5. The method set forth in claim 1 wherein step (3) is carried out by using an agent which is liquid in step (3 and which turns into a self-supporting mass prior to carrying out step (4) so as to form a continuous open hole packer in the borehole an-nulus.

6. The method set forth in claim 1 wherein step (3) is carried out in order to isolate the drill bit from a lost circulation zone, and further including using a sol as the blocking agent in step (3) which turns into a jel prior to carrying out step (4).

7. The method of claim 1, and further including the step of employing a sol as the blocking agent in step (3) and, allowing the so] to jel before commencing step 8. The method of claim 1, and further including the following steps:

5. forming the borehole for a limited length by carrying out step 4; 6. flowing cementitious material along the second flow path and forcing the cementitious material radially away from the borehole;

7. repeating step (5) followed by repeating step (6) to thereby provide a vertical cementitious column so as to provide a bearing surface for above the ground structure. 9. The method of claim 8, wherein a plurality of columns defined in step (7) are formed adjacent to one another to thereby form a platform having legs downwardly depending therefrom, wherein the legs are the individual columns of step (7).

10. A bit sub for connecting a drill bit assembly to a concentric dual pipe string for carrying out a drilling operation in a well borehole wherein the pipe string includes a drill pipe having a tubing string axially disposed therein to thereby form a counter-current flow path to and from the bit; the improvement comprising:

said bit sub having a lower threaded passageway for being connected to the drill bit assembly, an upper threaded passageway for being connected to the drill pipe, and an inner tubing connector for being flow connected to the tubing string; said inner tubing connector being coaxially arranged respective to said upper threaded passageway thereby forming a sub annulus; said sub annulus being a continuation of the drill string annulus; means forming at least one radial passageway in said sub, said radial passageway. being flow connected to the interior of said inner tubing connector;

means forming at least one flow path from said drill bit sub annulus to said lower threaded passageway for forming a flow path from the drill string annulus to the bit;

means forming a circumferentially extending enlargement about a marginal length of said sub; a lower edge portion of said enlargement forming a circumferentially extending shoulder; said shoulder having a marginal circumferentially portion thereof upwardly undercut to provide a ramada in the form of an inverted U-shaped passageway for communicating the exterior of the bit with the radial passageway; said ramada having a downwardly opening portion for enabling drilling fluid and cuttings from the bit to flow therethrough and into the radial passageway, through the inner tubing connector, and through the inner tubing string to the surface of the ground.

1]. The bit sub of claim 10, wherein said upper threaded passageway is in the form of a removable member, said removable member being cylindrical in form and having a lower threaded surface, threads formed externally of said inner tubing connector for threadedly engaging said lower threaded surface of said removable member.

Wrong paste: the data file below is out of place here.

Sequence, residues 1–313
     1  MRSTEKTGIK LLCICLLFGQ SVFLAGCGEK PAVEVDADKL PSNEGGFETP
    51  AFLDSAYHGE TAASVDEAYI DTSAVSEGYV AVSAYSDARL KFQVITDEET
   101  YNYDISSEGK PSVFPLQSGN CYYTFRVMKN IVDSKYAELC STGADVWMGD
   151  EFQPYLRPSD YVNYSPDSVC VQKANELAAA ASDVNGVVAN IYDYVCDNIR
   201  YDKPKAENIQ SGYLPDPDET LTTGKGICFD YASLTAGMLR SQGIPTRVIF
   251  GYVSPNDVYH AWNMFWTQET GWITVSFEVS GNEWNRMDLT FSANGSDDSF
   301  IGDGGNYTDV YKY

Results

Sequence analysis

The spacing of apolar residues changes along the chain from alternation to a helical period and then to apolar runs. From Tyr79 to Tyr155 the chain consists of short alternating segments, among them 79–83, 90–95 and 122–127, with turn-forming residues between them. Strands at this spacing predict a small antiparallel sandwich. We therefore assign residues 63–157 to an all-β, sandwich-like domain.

12. The bit sub of claim 10 wherein said drill bit assembly is in the form of an air hammer having a drill bit connected to a lower portion thereof; said means forming a flow path from said drill bit to said sub annulus being in the form of a plurality of radially spaced apart passageways; each radially spaced passageway being spaced apart from one another by a ramada.

* s s t s

Referenced by
Citing PatentFiling datePublication dateApplicantTitle
US3958639 *Jun 28, 1974May 25, 1976Daniel Arlie HMethod of drilling an oil well to recover casings
US4257483 *Jan 11, 1979Mar 24, 1981The Dow Chemical CompanyMethod of well completion with casing gel
US4354559 *Jul 30, 1980Oct 19, 1982Tri-State Oil Tool Industries, Inc.Enlarged borehole drilling method and apparatus
US4516633 *Sep 18, 1981May 14, 1985Santa Fe International CorporationBlind shaft drilling
US4643255 *Dec 18, 1985Feb 17, 1987Cities Service Oil And Gas CorporationGel and process for preventing loss of circulation, and combination process for enhanced recovery
US4784223 *Nov 21, 1986Nov 15, 1988Shell Oil CompanyPacking pellets injected as slurries
US5302052 *Apr 16, 1993Apr 12, 1994Groundtech, Inc.Underground work chamber assembly and method for the construction thereof
US7717172May 30, 2007May 18, 2010Schlumberger Technology CorporationMethods and apparatus to sample heavy oil from a subteranean formation
US8230919Jan 15, 2009Jul 31, 2012Schlumberger Technology CorporationWell thermal insulation for formation sampling of viscous fluids and methods of use thereof
US8453732Apr 5, 2010Jun 4, 2013Schlumberger Technology CorporationApparatus to sample heavy oil from a subterranean formation
EP0229425A2 *Dec 17, 1986Jul 22, 1987Shell Internationale Research Maatschappij B.V.Forming a coating on a borehole wall
WO2009097189A1 *Jan 15, 2009Aug 6, 2009Schlumberger Ca LtdWell thermal insulation for formation sampling of viscous fluids
U.S. Classification166/285, 175/215, 175/72
International ClassificationE21B21/00, E21B21/12, E21B33/138, E21B33/13, E21B17/04, E21B17/02, E21B7/04
Cooperative ClassificationE21B33/138, E21B21/12, E21B33/13, E21B7/04, E21B17/04, E21B21/00
European ClassificationE21B21/12, E21B17/04, E21B7/04, E21B33/138, E21B21/00, E21B33/13